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Never mind the common fisheries policy, the single currency, the MEPs' expenses gravy train and all the other myriad tales of Brussels that have been used to excoriate the European Union over the years. What has really damaged the reputation of the EU in Britain is the bent cucumber. Or to be more precise, the directive that forbade misshapen fruit and vegetables being sold as "class one" produce throughout the single market.

This was always a ridiculous rule. There is nothing about a vegetable's shape that determines either its taste or quality. Indeed, many would argue that such aesthetic discrimination has been positively harmful to the taste of the produce on sale in many of Europe's supermarkets, as suppliers have been encouraged to pay more attention to appearance than flavour.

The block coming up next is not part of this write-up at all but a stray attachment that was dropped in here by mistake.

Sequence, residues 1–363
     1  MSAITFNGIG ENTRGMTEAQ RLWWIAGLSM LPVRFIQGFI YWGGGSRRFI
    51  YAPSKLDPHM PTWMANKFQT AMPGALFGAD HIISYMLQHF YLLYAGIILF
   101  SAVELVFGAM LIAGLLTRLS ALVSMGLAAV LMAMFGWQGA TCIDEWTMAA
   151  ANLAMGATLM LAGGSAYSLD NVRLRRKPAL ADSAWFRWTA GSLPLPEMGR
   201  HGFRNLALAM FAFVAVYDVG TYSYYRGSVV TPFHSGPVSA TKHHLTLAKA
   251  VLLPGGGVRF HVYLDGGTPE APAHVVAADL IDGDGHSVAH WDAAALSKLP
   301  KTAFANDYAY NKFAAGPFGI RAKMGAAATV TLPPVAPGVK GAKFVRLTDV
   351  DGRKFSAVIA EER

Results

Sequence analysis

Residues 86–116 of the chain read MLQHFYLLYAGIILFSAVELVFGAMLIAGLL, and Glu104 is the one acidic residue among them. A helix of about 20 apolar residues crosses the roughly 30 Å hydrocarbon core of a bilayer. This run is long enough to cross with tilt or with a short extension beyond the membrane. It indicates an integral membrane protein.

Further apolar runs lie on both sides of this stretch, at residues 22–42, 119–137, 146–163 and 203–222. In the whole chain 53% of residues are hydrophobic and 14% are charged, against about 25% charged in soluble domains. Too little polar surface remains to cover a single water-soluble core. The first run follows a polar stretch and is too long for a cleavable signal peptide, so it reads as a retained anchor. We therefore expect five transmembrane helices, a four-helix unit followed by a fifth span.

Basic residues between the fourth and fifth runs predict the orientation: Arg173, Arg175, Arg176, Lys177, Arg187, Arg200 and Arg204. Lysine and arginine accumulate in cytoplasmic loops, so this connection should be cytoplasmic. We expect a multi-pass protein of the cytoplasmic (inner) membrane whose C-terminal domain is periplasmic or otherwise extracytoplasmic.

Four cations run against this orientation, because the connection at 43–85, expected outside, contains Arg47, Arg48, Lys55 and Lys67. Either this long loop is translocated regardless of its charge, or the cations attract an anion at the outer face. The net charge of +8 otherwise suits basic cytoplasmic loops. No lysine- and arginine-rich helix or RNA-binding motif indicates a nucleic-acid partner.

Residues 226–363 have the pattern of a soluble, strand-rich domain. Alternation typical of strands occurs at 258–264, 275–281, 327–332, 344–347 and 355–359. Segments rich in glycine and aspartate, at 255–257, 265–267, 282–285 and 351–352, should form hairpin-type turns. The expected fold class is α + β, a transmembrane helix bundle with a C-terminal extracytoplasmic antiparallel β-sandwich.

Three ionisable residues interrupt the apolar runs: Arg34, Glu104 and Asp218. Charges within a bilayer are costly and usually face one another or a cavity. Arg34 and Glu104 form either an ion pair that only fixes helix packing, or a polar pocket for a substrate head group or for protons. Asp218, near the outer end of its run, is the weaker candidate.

This directive has encouraged the food industry to waste tonnes of perfectly edible food every year. It has also reinforced the awful stereotype of meddling Brussels bureaucrats, humourlessly measuring bananas with their protractors. Rising food prices look likely to put paid to the EU's fussy vegetables directive. Rules which encourage waste cannot be defended in an era of food scarcity. It hardly compensates for Ireland's rejection of the Lisbon Treaty last week, but the fact that curved cucumbers could once again sit without fear of prejudice on our supermarket shelves ought to be a small source of comfort for Europe's downcast supporters.

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